Tuesday, 28 May 2024

County reports hydrilla finds increase in Clear Lake

LAKE COUNTY – Officials are reporting a large number of new finds on the lake of the invasive aquatic weed, and are asking for the community's help in preventing the weed's further spread.

The county's Public Works Department reported that on Thursday a large number of floating hydrilla fragments were found along the southern shoreline area of Clear Lake, in a large mass near the entrance to Anderson Marsh.

This find is in addition to other major infestations found in areas around Clear Lake State Park, Lakeside County Park, Soda Bay, Buckingham and Konocti Bay.

With now more than 76 finds of hydrilla on Clear Lake in recent weeks, state and local officials increasingly are concerned and are asking for the public’s help in preventing any further spread of the non-native invasive weed.

First detected in Clear Lake in 1994, hydrilla is an invasive aquatic plant that grows very fast, has no natural enemies in California, provides limited habitat to fish and wildlife, and is capable of crowding out native plants and destroying the lake’s ecosystem.

“Fragmentation of hydrilla – either intentionally by hand-pulling or inadvertently through boating – is a very serious threat, not only to the delicate ecosystem of Clear Lake but to every other water body downstream from Clear Lake, including the Sacramento Delta,” said Dr. Robert Leavitt, Assistant Director of Plant Health and Pest Prevention Services for the California Department of Food and Agriculture (CDFA).

This seriousness, according to Leavitt, is what prompted California to declare hydrilla an invasive species requiring eradication.

It also is the reason why state employees are working diligently on the eradication efforts on Clear Lake. Each of these fragments is capable of starting new plants.

Considered one of the worst invasive aquatic weeds in the world by many aquatic nuisance species specialists, Hydrilla verticillatta is easily spread as it propagates freely from small fragments that are often created by the churning of boat propellers. Those fragments continue to live while floating, and once they come in contact with mud or lake bottom, they begin to root.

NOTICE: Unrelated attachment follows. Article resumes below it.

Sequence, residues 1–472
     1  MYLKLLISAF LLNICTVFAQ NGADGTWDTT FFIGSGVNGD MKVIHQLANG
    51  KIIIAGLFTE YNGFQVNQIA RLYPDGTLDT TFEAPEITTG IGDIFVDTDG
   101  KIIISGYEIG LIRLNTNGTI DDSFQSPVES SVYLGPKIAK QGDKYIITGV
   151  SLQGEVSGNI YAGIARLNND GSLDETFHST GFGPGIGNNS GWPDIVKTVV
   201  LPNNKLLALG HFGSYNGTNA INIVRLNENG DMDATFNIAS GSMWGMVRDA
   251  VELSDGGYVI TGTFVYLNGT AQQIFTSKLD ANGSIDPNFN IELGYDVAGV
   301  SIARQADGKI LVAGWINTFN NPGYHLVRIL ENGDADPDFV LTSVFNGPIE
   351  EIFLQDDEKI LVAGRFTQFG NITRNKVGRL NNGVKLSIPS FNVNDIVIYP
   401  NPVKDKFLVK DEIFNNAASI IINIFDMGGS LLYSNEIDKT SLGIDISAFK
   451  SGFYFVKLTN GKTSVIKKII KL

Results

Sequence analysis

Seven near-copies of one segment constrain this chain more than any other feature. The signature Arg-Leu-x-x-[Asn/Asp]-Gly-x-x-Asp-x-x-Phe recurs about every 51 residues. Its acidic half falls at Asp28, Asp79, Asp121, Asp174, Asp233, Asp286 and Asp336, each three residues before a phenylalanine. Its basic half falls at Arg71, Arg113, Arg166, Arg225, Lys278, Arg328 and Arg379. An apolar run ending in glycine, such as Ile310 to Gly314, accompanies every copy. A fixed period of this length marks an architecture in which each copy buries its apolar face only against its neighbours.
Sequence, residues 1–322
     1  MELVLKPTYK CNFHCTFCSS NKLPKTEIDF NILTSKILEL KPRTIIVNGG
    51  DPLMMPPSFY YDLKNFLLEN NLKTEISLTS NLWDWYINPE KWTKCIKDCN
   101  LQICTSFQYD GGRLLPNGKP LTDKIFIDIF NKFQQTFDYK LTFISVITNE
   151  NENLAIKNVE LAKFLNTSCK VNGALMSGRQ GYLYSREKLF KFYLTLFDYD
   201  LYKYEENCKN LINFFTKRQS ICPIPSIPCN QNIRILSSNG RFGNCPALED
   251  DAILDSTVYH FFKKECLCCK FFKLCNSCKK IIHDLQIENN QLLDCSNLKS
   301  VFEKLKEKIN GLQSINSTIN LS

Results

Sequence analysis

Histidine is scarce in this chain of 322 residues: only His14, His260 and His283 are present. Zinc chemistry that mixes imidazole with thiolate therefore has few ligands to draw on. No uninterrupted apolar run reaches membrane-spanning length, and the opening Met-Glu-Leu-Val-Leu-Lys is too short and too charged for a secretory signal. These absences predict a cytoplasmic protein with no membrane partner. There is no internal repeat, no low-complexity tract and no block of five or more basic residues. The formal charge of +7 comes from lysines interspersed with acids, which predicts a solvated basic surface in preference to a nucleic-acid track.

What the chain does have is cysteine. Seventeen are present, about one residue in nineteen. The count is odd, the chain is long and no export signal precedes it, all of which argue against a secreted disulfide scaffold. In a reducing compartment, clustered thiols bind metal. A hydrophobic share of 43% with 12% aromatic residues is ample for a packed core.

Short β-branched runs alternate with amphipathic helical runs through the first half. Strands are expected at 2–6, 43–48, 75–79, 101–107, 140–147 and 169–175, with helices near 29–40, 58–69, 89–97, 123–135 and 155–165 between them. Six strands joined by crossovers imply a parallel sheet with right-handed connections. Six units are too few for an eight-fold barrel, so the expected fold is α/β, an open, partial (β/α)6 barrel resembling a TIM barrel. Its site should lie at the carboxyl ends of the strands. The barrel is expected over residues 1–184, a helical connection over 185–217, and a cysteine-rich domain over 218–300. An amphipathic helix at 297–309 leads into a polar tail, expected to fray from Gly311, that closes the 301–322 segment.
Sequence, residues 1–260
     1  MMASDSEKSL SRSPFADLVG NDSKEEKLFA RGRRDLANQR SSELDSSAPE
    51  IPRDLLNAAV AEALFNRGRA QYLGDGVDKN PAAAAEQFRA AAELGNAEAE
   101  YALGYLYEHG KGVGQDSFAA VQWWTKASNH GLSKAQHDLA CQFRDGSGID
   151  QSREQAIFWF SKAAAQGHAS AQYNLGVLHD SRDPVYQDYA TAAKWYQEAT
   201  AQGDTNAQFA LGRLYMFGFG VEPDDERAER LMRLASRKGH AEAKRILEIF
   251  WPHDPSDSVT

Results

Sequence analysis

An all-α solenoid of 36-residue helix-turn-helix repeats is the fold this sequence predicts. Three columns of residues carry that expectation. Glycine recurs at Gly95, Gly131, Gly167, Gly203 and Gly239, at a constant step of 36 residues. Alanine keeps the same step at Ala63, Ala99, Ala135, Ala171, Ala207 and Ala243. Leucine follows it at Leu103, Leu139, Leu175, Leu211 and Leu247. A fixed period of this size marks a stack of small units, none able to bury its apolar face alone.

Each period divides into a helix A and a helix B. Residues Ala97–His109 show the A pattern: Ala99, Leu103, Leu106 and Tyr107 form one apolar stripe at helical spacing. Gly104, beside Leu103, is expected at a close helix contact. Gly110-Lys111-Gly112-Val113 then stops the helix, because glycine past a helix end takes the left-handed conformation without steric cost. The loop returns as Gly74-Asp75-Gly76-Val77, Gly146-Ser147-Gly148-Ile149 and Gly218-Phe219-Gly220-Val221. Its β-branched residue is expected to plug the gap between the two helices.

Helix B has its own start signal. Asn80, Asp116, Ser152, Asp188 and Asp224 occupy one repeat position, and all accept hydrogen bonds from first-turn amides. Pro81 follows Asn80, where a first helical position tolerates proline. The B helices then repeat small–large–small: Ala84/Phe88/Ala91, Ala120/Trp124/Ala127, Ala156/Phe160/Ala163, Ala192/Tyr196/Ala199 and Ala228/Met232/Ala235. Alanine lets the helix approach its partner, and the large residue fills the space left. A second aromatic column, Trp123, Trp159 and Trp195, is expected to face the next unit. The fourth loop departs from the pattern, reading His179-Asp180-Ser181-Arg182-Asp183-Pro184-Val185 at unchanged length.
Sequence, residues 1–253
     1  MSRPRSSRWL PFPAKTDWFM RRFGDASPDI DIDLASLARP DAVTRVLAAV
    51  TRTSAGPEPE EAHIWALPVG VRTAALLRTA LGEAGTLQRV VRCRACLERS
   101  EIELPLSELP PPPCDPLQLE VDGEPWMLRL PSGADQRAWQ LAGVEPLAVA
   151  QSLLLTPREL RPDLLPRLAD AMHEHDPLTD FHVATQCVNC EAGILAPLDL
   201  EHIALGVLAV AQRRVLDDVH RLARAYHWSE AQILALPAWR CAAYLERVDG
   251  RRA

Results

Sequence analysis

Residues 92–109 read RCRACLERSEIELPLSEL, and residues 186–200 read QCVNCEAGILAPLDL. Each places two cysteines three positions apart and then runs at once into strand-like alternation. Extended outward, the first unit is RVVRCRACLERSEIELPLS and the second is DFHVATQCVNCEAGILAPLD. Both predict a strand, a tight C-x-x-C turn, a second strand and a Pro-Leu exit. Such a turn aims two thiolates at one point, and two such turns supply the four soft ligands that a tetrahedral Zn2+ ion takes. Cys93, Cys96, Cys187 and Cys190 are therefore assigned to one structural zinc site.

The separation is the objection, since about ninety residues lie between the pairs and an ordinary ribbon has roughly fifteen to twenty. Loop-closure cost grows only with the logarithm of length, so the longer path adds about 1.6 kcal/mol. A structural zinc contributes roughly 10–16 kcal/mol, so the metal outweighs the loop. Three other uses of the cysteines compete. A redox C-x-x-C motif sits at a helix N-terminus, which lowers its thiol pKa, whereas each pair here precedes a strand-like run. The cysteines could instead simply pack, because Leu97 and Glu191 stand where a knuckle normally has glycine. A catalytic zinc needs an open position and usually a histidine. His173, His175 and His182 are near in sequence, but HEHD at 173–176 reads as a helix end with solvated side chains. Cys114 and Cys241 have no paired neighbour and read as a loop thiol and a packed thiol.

If left untreated, hydrilla plants spread rapidly and can interfere with boating, impact water storage and transport mechanisms, and eventually, even harm the ecosystem.

“It’s really important that the public is aware of their role in stopping the spread of hydrilla,” said Pamela Francis, deputy director of Water Resources, a division of the Lake County Department of Public Works. “We need everyone’s help to keep this weed from blanketing Clear Lake.”

As part of its ongoing eradication efforts on Clear Lake, CDFA has placed orange buoys at locations around the lake to mark where hydrilla has been spotted and where treatments occur. Boaters are asked to avoid these areas.

It is illegal to moor to the buoys, and officials also are asking boaters to stay as far away from the buoys as possible to keep out of the treatment areas.

“The boating public should be aware that their cooperation in avoiding these areas is critical to prevent further fragmentation and spread,” said Patrick Akers, CDFA Hydrilla Eradication Program manager.

In addition to avoiding the affected areas, the public is reminded that any removal of any aquatic weeds – whether by hand-pulling or by mechanical or chemical means – requires a permit.

“Some people don’t realize that even the simple removal of one plant by hand can cause fragments to be released,” Francis said.

In addition to fragmentation, hydrilla reproduces with seeds, tubers and turions, which can remain viable for several days out of water or several years in sediment before re-sprouting.

Since 2002, Lake County has implemented an Aquatic Plant Management Program, which allows for the abatement of nuisance aquatic vegetation for the purposes of navigation and recreational use of Clear Lake through a permit process.

This regulatory program is managed by the Lake County Department of Public Works, which serves as a single-point source for obtaining the permit to control weeds to be in compliance with the California Department of Fish and Game, the California Department of Food and Agriculture Hydrilla Eradication Program, the Lake County Agricultural Commissioner, as well as the Regional Water Quality Control Board.

For information, contact the Lake County Department of Public Works, Water Resources Division, at 707-263-2341 or go online to: http://watershed.co.lake.ca.us.


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